Larsgard v. Unknown Parties

Filing 22

ORDER The Winslow Defendants' motion to dismiss (Doc. 15 ) is granted in part and denied in part. Plaintiff's claim against Winslow (Claim Two) is dismissed without prejudice. Defendant Mendoza's motion to dismiss (Doc. 16 ) is grant ed. Plaintiff's intentional infliction of emotional distress claim against Defendant Mendoza (Claim Three) is dismissed without prejudice. Plaintiff may file a second amended complaint on or before September 7, 2012. Signed by Judge David G Campbell on 8/27/2012.(KMG)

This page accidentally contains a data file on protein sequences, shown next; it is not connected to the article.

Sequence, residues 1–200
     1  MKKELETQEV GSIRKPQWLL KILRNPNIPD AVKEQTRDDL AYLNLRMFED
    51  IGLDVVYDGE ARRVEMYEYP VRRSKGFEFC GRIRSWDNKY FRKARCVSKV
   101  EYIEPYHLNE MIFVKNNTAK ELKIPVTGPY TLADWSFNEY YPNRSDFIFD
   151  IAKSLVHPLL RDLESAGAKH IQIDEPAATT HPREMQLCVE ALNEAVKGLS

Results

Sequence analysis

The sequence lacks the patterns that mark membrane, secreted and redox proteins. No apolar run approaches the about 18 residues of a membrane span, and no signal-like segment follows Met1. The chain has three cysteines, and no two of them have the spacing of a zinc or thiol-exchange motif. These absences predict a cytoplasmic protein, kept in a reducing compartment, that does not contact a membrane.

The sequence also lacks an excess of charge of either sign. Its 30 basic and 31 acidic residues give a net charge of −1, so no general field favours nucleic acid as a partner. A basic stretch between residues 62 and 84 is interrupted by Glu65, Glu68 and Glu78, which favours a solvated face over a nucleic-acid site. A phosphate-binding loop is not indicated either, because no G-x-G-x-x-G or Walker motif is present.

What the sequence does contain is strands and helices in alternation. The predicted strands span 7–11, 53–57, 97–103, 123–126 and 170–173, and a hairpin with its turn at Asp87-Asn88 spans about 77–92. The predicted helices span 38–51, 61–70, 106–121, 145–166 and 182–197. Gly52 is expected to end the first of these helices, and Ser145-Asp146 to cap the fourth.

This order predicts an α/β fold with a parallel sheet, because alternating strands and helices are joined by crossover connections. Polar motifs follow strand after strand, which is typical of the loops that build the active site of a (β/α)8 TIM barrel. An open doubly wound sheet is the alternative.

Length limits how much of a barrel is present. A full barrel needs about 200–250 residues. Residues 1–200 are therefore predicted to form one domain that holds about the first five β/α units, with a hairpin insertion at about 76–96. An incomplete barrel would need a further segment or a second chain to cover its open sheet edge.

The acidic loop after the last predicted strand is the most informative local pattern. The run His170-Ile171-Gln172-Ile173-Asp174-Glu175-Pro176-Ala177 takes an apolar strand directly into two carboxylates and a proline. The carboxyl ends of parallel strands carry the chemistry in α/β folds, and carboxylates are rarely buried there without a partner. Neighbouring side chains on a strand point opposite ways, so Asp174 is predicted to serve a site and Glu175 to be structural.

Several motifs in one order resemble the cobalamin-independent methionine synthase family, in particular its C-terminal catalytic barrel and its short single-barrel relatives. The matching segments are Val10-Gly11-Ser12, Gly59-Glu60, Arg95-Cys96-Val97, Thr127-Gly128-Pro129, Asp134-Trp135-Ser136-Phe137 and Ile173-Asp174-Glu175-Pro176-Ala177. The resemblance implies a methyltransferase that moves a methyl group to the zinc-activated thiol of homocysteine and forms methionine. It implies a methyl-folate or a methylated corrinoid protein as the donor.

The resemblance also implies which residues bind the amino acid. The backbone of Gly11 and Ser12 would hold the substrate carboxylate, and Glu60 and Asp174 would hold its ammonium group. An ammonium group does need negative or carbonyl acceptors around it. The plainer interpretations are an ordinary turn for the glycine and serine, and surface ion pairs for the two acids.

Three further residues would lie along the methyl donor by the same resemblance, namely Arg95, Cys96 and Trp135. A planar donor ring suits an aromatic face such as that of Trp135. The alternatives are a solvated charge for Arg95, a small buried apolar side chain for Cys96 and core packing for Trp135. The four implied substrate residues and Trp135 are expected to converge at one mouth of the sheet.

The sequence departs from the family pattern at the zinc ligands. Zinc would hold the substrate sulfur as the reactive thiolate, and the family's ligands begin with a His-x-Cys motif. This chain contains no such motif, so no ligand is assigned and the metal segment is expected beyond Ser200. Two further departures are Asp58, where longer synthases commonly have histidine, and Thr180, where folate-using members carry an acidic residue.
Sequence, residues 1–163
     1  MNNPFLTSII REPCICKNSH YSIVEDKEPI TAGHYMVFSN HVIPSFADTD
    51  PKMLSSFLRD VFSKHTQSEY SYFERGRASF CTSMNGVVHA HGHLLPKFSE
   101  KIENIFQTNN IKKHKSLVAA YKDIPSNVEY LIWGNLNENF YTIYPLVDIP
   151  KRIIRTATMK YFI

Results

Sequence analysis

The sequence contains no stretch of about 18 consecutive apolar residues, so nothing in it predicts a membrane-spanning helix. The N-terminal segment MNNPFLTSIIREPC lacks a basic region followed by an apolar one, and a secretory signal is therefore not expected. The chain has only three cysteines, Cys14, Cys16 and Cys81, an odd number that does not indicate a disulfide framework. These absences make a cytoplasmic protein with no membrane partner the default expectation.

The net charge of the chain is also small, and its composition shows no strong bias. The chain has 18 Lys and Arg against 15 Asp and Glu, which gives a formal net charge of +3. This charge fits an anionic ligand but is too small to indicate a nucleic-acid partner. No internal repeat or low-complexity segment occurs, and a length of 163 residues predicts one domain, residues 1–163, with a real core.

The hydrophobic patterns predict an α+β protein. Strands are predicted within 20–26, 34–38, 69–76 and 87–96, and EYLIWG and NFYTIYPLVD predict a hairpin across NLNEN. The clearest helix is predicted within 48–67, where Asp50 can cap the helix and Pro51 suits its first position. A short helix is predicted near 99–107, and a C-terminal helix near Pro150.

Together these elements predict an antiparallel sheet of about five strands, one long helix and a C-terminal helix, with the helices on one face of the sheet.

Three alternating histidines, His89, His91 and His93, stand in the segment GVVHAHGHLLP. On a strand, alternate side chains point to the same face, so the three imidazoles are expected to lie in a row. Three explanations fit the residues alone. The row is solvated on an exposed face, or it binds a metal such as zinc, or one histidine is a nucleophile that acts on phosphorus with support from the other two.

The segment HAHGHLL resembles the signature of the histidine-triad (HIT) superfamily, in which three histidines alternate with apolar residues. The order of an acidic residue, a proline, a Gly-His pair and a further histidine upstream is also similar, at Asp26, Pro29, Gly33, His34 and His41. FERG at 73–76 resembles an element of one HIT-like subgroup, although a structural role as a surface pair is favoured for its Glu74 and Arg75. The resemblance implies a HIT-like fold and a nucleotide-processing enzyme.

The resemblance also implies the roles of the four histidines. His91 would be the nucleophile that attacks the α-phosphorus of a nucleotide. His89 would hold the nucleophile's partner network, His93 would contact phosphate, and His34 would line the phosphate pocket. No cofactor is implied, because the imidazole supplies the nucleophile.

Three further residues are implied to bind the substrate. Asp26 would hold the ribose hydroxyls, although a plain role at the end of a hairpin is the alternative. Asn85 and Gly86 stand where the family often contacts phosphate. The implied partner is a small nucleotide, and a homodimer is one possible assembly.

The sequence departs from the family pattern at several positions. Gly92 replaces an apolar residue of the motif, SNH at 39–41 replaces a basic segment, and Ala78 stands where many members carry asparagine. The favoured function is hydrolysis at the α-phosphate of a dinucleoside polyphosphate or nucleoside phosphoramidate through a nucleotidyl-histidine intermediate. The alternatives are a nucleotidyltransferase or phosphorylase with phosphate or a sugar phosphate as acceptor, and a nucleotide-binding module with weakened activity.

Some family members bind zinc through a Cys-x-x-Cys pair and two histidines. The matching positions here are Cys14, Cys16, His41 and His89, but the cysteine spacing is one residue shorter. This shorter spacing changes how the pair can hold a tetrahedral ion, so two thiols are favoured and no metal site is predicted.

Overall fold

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1 WO 2 3 4 5 6 IN THE UNITED STATES DISTRICT COURT 7 FOR THE DISTRICT OF ARIZONA 8 9 No. CV12-8013-PCT-DGC Liv Larsgard, Plaintiff, 10 11 v. 12 ORDER Michael Mendoza, et al., Defendants. 13 14 15 Plaintiff Liv Larsgard filed her initial complaint on January 24, 2012, alleging 16 violations of the Fourth Amendment under 42 U.S.C. § 1983. Doc. 1. On March 9, 17 2012, with some help from an attorney, Plaintiff filed an amended complaint.1 Doc. 3. 18 On April 3, 2012, Defendant Village of Winslow (“City of Winslow”) and Officer 19 Defendants Carl Calnimptewa, Arturo Zacarias, Alicia Marquez, Ronald Chisholm, 20 James Bach, and Ernest Cano (collectively “the Winslow Defendants”) filed a motion to 21 dismiss for failure to state a claim upon which relief can be granted. Doc. 15. On 22 May 11, 2012, Defendant Michael Mendoza filed a separate motion to dismiss for failure 23 to state a claim. Doc. 16. The Winslow Defendants joined in Defendant Mendoza’s 24 motion to dismiss. Doc. 17. After Plaintiff failed to file a response to either motion 25 within the required time, see LRCiv 12.1(b), the Court allowed Plaintiff until July 6, 2012 26 to respond. Doc. 18. On July 6, 2012, Plaintiff filed a letter with the Court, which the 27 1 28 See Doc. 19, at 1 (“My first complaint of January 2012 was not correct[ly] done. Therefore I had to send a new complaint, on which a lawyer helped me for free.”). 1 Court construes as a response to the motions to dismiss. Doc. 19. The Winslow 2 Defendants and Defendant Mendoza have filed separate replies. Docs. 20, 21. The 3 parties have not requested oral argument. For reasons that follow, the Court will grant in 4 part and deny in part the Winslow Defendants’ motion to dismiss, grant Defendant 5 Mendoza’s motion to dismiss, and grant Plaintiff leave to file a second amended 6 complaint. 7 I. Background. 8 The facts alleged in the amended complaint are as follows. Plaintiff and her son, 9 John Kristoffer Larsgard, are citizens of Norway. Doc. 3, ¶¶ 2, 9. On the morning of 10 September 24, 2011, Plaintiff was driving a Volvo belonging to her son in Winslow, 11 Arizona when she lost control of the car and struck a wall. Id. ¶¶ 9, 10. Plaintiff and her 12 son were taken to the hospital in an ambulance, and the police arranged for the Volvo to 13 be towed. Id. ¶ 10. 14 After being discharged from the hospital that afternoon, Plaintiff and her son 15 obtained a rental car and returned to Winslow to retrieve their belongings and make 16 arrangements to deal with the Volvo. Id. ¶ 11. Plaintiff’s son attempted to drive around 17 the sawhorse that was barricading the damaged Volvo, and Mr. Mendoza accused 18 Plaintiff’s son of driving the rental car dangerously. Id. ¶ 12. Plaintiff and her son left 19 the scene, with her son still driving. Id. He stopped a block or two later and parked the 20 rental car in order to make a call to Jack Dalton, a mechanic for the towing company. Id. 21 At that time, Mr. Mendoza approached the rental car, reached through the open driver’s 22 side window, and hit Plaintiff’s son. Id. Mr. Mendoza struck Plaintiff’s son in the head 23 several more times, and both Plaintiff and her son called 911 from their cell phones. Id. 24 ¶ 13. Several police cars arrived on the scene, and the police officers drew their guns. Id. 25 ¶ 14. These officers are named as defendants in this case. Id. Plaintiff was handcuffed 26 and placed in the back of a patrol vehicle, sustaining bruises on both wrists. Id. ¶ 15, 17. 27 Plaintiff’s son was taken to the hospital as a result of injuries inflicted by Mr. Mendoza. 28 Id. ¶ 18. -2- 1 In her amended complaint, Plaintiff makes three claims: (1) violation of her rights 2 under the Fourth Amendment against the Officer Defendants, pursuant to § 1983, 3 (2) false arrest, deprivation of liberty, assault, and international and/or reckless infliction 4 of emotional distress against the City of Winslow, pursuant to a respondeat superior 5 theory, and (3) state common law intentional infliction of emotional distress arising from 6 the assault and battery of her son, against Mr. Mendoza. Doc. 3, at 5-8. 7 II. Legal Standard. 8 Dismissal is appropriate under Rule 12(b)(6) where the plaintiff fails to state a 9 claim upon which relief can be granted. Fed. R. Civ. P. 12(b)(6). When reviewing a 10 complaint under Rule 12(b)(6), all allegations of material fact are taken as true and 11 construed in the light most favorable to the non-moving party. Smith v. Jackson, 84 12 F.3d 1213, 1217 (9th Cir. 1996). Legal conclusions couched as factual allegations are not 13 entitled to the assumption of truth. Ashcroft v. Iqbal, 129 S. Ct. 1937, 1950 (2009). To 14 avoid a Rule 12(b)(6) dismissal, the complaint must plead enough facts to state a claim to 15 relief that is plausible on its face. Bell Atl. Corp. v. Twombly, 550 U.S. 554, 570 (2007). 16 This plausibility standard “is not akin to a ‘probability requirement,’ but it asks for more 17 than a sheer possibility that a defendant has acted unlawfully.” Iqbal, 129 S. Ct. at 1949 18 (quoting Twombly, 550 U.S. at 556). “[W]here the well-pleaded facts do not permit the 19 court to infer more than the mere possibility of misconduct, the complaint has alleged – 20 but it has not ‘show[n]’ – ‘that the pleader is entitled to relief.’” Id. at 1950 (quoting Fed. 21 R. Civ. P. 8(a)(2)). 22 III. Winslow Defendants’ Motion to Dismiss. 23 The Winslow Defendants move to dismiss Plaintiff’s amended complaint on the 24 grounds that Plaintiff failed to comply with Arizona’s notice of claim requirement and 25 the City of Winslow is not a proper party to this action. Doc. 15, at 3-4. 26 A. Notice of Claim. 27 Arizona’s notice of claim statute provides that all persons having a claim against a 28 public entity or public employee must provide notice of that claim within 180 days after -3- 1 the cause of action accrues. A.R.S. § 12-821.01(A). The notice of claim requirement 2 applies only to state law claims. See Nored v. City of Tempe, 614 F. Supp. 2d 991, 998 3 (D. Ariz. 2008) (dismissing the plaintiff’s state law claims for failing to comply with 4 § 12-821.01, while leaving the federal claim intact); Manriquez v. City of Phoenix, 5 No. CV11-01981-PHX-DGC, 2012 WL 1985640, at *2 n.1 (D. Ariz. June 4, 2012). The 6 notice of claim requirement is inapplicable to Plaintiff’s § 1983 claim against the Officer 7 Defendants (Claim One), and is inapplicable to the City of Winslow to the extent Plaintiff 8 seeks to make a § 1983 claim against it. Doc. 3, at 5-7. 9 The Winslow Defendants argue that the state law claims should be dismissed 10 because Plaintiff did not serve a notice of claim. Doc. 15, at 3. Generally, strict 11 compliance with the notice of claim statute is required. See Falcon ex rel. Sandoval v. 12 Maricopa Cnty., 144 P.3d 1254, 1256 (Ariz. 2006). The Court will dismiss Plaintiff’s 13 state tort claim against the City of Winslow (Claim Two) without prejudice for failure to 14 comply with the notice of claim requirement.2 15 B. Respondeat Superior for § 1983 Claims. 16 Plaintiff alleges false arrest, deprivation of liberty, assault, and intentional and/or 17 reckless infliction of emotional distress by virtue of respondeat superior against the City 18 of Winslow. Doc. 3, at 7. The doctrine of respondeat superior imposes vicarious liability 19 on an employer for the torts of an employee if the torts are committed within the scope of 20 employment. Baker ex rel. Hall Brake Supply, Inc. v. Stewart Title & Trust of Phoenix, 21 Inc., 5 P.3d 249, 254 (Ariz. App. 2000); Patterson v. City of Phoenix, 436 P.2d 613, 617 22 (Ariz. 1968). 23 employed by the City of Winslow, and that they were acting on behalf of the City at all 24 times relevant to the amended complaint. Doc. 3, ¶ 25. Plaintiff claims that the officers who arrested and searched her are 25 26 27 28 2 Because Defendant Mendoza has not joined the Winslow Defendants’ motion to dismiss, the Court will not apply the Winslow Defendants’ notice of claim argument to the state law claim against Defendant Mendoza. -4- 1 Municipal liability under § 1983 cannot be founded on a theory of respondeat 2 superior. Gibson v. Cnty. of Washoe, 290 F.3d 1175, 1185 (9th Cir. 2002), cert. denied, 3 537 U.S. 1106 (2003). Generally, the actions of individual employees can support 4 liability against a municipality under § 1983 only if those employees were acting 5 pursuant to an official municipal policy. See Christie v. Iopa, 176 F.3d 1231, 1235 6 (9th Cir. 1999) (quoting Monell v. Dept. of Soc. Servs., 436 U.S. 658, 691 (1978)). There 7 are two alternative ways that such liability can attach: first, if an employee commits a 8 constitutional violation pursuant to a longstanding practice or custom, and second, if the 9 person causing the constitutional violation has final policymaking authority. See Webb v. 10 Sloan, 330 F.3d 1158, 1164 (9th Cir. 2003) (citing Christie, 176 F.3d at 1235). 11 Plaintiff has not alleged that the City of Winslow has an official policy that caused 12 its employees to violate her constitutional rights, that the Officer Defendants deprived her 13 of her constitutional rights pursuant to the City of Winslow’s longstanding practice or 14 custom, or that the Officer Defendants causing the alleged violation had final 15 policymaking authority. Rather, she alleges that the City of Winslow is subject to 16 liability simply because “the officers who arrested and searched Plaintiff are employed by 17 the [City] of Winslow as police officers” and “were acting on behalf of the [City] of 18 Winslow[.]” Doc. 3, ¶ 25. The Court will dismiss this claim without prejudice because 19 “a municipality cannot be held liable solely because it employs a tortfeasor[.]” Monell, 20 436 U.S. at 691. 21 IV. Defendant Mendoza’s Motion to Dismiss. 22 Defendant Mendoza moves to dismiss the amended complaint for failure to 23 present a prima facie case that Plaintiff’s claims for damages exceed $75,000 and for 24 failure to state a claim of intentional infliction of emotional distress. Doc. 16, at 3-5. 25 The Winslow Defendants have joined Defendant Mendoza’s motion regarding Plaintiff’s 26 state law claims. Doc. 17. 27 28 -5- 1 A. Subject Matter Jurisdiction. 2 The amended complaint purports to assert diversity jurisdiction, alleging that 3 Plaintiff is a citizen of Norway and Defendants are citizens of the United States, and that 4 Plaintiff sustained damages exceeding $75,000. 5 originally files suit in federal court, “the amount in controversy is determined from the 6 face of the pleadings.” Geographic Expeditions, Inc. v. Estate of Lhotka, 599 F.3d 1102, 7 1106 (9th Cir. 2010) (quoting Crum v. Circus Circus Enters., 231 F.3d 1129, 1131 8 (9th Cir. 2000)). 9 jurisdiction – typically the plaintiff in the substantive dispute – controls so long as the 10 claim is made in good faith.” Id. (citing Crum, 231 F.3d at 1131). “To justify dismissal, 11 it must appear to a legal certainty that the claim is really for less than the jurisdictional 12 amount.” St. Paul Mercury Indem. Co. v. Red Cab Co., 303 U.S. 283, 289 (1938). Doc. 3, ¶ 7. Where the plaintiff “The amount in controversy alleged by the proponent of federal 13 Defendant Mendoza argues that there is nothing in the amended complaint to 14 support damages in excess of $75,000. Doc. 16, at 4. Plaintiff claims that she has not 15 been allowed to take possession of the rental car, and that she believes the rental car 16 company is seeking to recover more than $20,000 from her as a result of Defendants’ 17 conduct. Doc. 3, ¶ 21. She also seeks punitive damages against Defendant Mendoza. Id. 18 ¶ 30. The Court cannot conclude with legal certainty that Plaintiff’s claim is for less than 19 $75,000, and will not dismiss Plaintiff’s claim for lack of jurisdiction. 20 Furthermore, Plaintiff also asserts that this Court has supplemental jurisdiction 21 over the common law claims pled in the amended complaint. Doc. 3, ¶¶ 6, 7. The Court 22 has original jurisdiction over the federal claim against the Officer Defendants (Claim 23 One), and Plaintiff’s state law claims clearly satisfy the “same case or controversy” 24 requirement of 28 U.S.C. § 1367(a). 25 jurisdiction over Plaintiff’s state law claims. The Court properly exercises supplemental 26 B. Intentional Infliction of Emotional Distress. 27 A plaintiff alleging intentional infliction of emotional distress in Arizona must 28 demonstrate three elements: (1) the defendant’s conduct was extreme and outrageous, -6- 1 (2) the defendant intended to cause emotional distress or “recklessly disregarded the near 2 certainty” that his conduct would produce such distress, and (3) the defendant’s conduct 3 actually caused severe emotional distress. Bodett v. Coxcom, Inc., 366 F.3d 736, 746 4 (9th Cir. 2004); Ford v. Revlon, 734 P.2d 580, 585 (Ariz. 1987) (en banc). 5 The extreme and outrageous element is met when a defendant’s conduct is “so 6 outrageous in character and so extreme in degree, as to go beyond all possible bounds of 7 decency, and to be regarded as atrocious and utterly intolerable in a civilized 8 community.” Mintz v. Bell Atl. Sys. Leasing Int’l, Inc., 905 P.2d 559, 563 (Ariz. App. 9 1995) (citations omitted). Plaintiff alleges that Defendant Mendoza reached through the 10 driver’s side window and repeatedly struck Plaintiff’s son in the head. Doc. 3, ¶¶ 12, 13. 11 Defendant Mendoza argues that, even assuming this allegation is true, it is insufficient to 12 provide a basis for Plaintiff’s intentional infliction of emotional distress claim. Doc. 16, 13 at 5. 14 sufficiently outrageous, dismissal on this basis is inappropriate. See Nelson v. Phoenix 15 Resort Corp., 888 P.2d 1375, 1386 (Ariz. App. 1994). Because reasonable minds could differ about whether the alleged conduct is 16 Plaintiff also alleges that the Defendant Mendoza’s actions were premeditated, 17 wanton, and malicious. Doc. 30, ¶ 30. This assertion, taken as true and construed in the 18 light most favorable to Plaintiff, establishes the second element of intentional infliction of 19 emotional distress claim. 20 The third prong of the claim requires that the defendant’s conduct actually caused 21 severe emotional distress. Because “severe emotional distress” is not readily capable of 22 precise legal definition, Arizona courts apply a case-by-case analysis with respect to 23 these determinations. See Lucchesi v. Frederic N. Stimmell, M.D., Ltd., 716 P.2d 1013, 24 1016 (Ariz. 1986). “A line of demarcation should be drawn between conduct likely to 25 cause mere ‘emotional distress’ and that causing ‘severe emotional distress.’” Midas 26 Muffler Shop v. Ellison, 650 P.2d 496, 501 (Ariz. App. 1982) (internal quotation and 27 citation omitted). 28 -7- 1 The element of severe emotional distress is noticeably lacking in this case. 2 Plaintiff alleges in the amended complaint that she suffered humiliation and fear. Doc. 3, 3 ¶ 26. In her response, she claims that she has been under “huge emotional stress” and has 4 “practically been without sleep or rest” for the last nine months. Doc. 19, at 1. These 5 symptoms do not constitute severe emotional distress. See Spratt v. N. Auto. Corp., 958 6 F. Supp. 456, 461 (D. Ariz. 1996) (crying, being stressed and upset, and having 7 headaches is not enough to establish severe harm); Bodett, 366 F.3d at 747 (shock, stress, 8 moodiness, and estrangement from friends and coworkers is not severe); Midas Muffler 9 Shop, 650 P.2d at 501 (difficulty sleeping is insufficient to establish severe emotional 10 distress). But see Ford v. Revlon, Inc., 734 P.2d 580, 583 (Ariz. 1987) (anxiety that 11 results in physical symptoms such as high blood pressure, chest pains, fatigue, and 12 dizziness does constitute severe emotional distress); Pankratz v. Willis, 744 P.2d 1182, 13 1191 (Ariz. App. 1987) (anger and depression coupled with physical ailments such as 14 headaches and hemorrhoids constitute severe emotional distress). The Court concludes 15 that Plaintiff has failed to plead sufficient facts to show the third element of her 16 intentional infliction of emotional distress claim (Claim Three). This claim will be 17 dismissed without prejudice. 18 V. Leave to Amend. 19 “A pro se litigant must be given leave to amend his or her complaint unless it is 20 ‘absolutely clear that the deficiencies of the complaint could not be cured by 21 amendment.’” Karim-Panahi v. Los Angeles Police Dept., 839 F.2d 621, 624 (9th Cir. 22 1988) (citations omitted). It is not clear that Plaintiff’s state tort claim against the City of 23 Winslow is incurable. While Plaintiff has failed to serve a timely notice of claim, it is not 24 absolutely clear that Plaintiff cannot allege facts that would establish waiver, estoppel, or 25 equitable tolling. See Pritchard v. State, 788 P.2d 1178. 1181 (Ariz. 1990) (notice of 26 claim requirement subject to waiver, estoppel, and equitable tolling). To the extent 27 Plaintiff seeks to make a § 1983 claim against the City of Winslow, there are, as 28 discussed above, ways in which municipalities may be held liable for § 1983 violations. -8- 1 It is also not clear that Plaintiff’s intentional infliction of emotional distress claim against 2 Defendant Mendoza is incurable. The Court is not absolutely certain that Plaintiff can 3 allege no set of facts that would show severe emotional distress. The Court accordingly 4 will dismiss Claim Two against the City of Winslow and Claim Three against Defendant 5 Mendoza without prejudice, and allow Plaintiff to file a second amended complaint that 6 contains sufficient factual allegations to support these claims. 7 In Plaintiff’s amended complaint, she asks for leave to add her son as a plaintiff. 8 Doc. 3, ¶ 29. The Court will allow Plaintiff to name her son as a plaintiff in the second 9 amended complaint. This will not prejudice Defendants, who will be able to address his 10 claims in any motions directed to the second amended complaint. 11 Plaintiff is advised that although she is proceeding pro se, she must become 12 familiar with and follow the Federal Rules of Civil Procedure and the Rules of the United 13 States District Court for the District of Arizona (“Local Rules”). See King v. Atiyeh, 814 14 F.2d 565, 567 (9th Cir. 1986) (“Pro se litigants must follow the same rules of procedure 15 that govern other litigants.”). The Federal Rules of Civil Procedure are available at the 16 following Internet website: A copy of the Court’s Local 17 Rules may be obtained in the Clerk’s Office and are available online at the Court’s 18 Internet website: (follow hyperlink titled “Rules/General 19 Orders”). 20 Plaintiff is advised that any claims not re-alleged in the second amended complaint 21 will be waived. See London v. Coopers & Lybrand, 644 F.2d 811, 814 (9th Cir. 1981) 22 (“It has long been the rule in this circuit that a plaintiff waives all causes of action alleged 23 in the original complaint which are not alleged in the amended complaint.”). If Plaintiff 24 fails to prosecute this action or comply with the rules or any Court order, the Court may 25 dismiss the action with prejudice pursuant to Rule 41(b) of the Federal Rules of Civil 26 Procedure. See Ferdik v. Bonzelet, 963 F.2d 1258, 1260 (9th Cir. 1992). 27 28 -9- 1 IT IS ORDERED: 2 1. The Winslow Defendants’ motion to dismiss (Doc. 15) is granted in part 3 and denied in part. 4 without prejudice. 5 2. Plaintiff’s claim against Winslow (Claim Two) is dismissed Defendant Mendoza’s motion to dismiss (Doc. 16) is granted. Plaintiff’s 6 intentional infliction of emotional distress claim against Defendant Mendoza (Claim 7 Three) is dismissed without prejudice. 8 9 10 3. Plaintiff may file a second amended complaint on or before September 7, 2012. Dated this 27th day of August, 2012. 11 12 13 14 15 16 17 18 19 20 21 22 23 24 25 26 27 28 - 10 -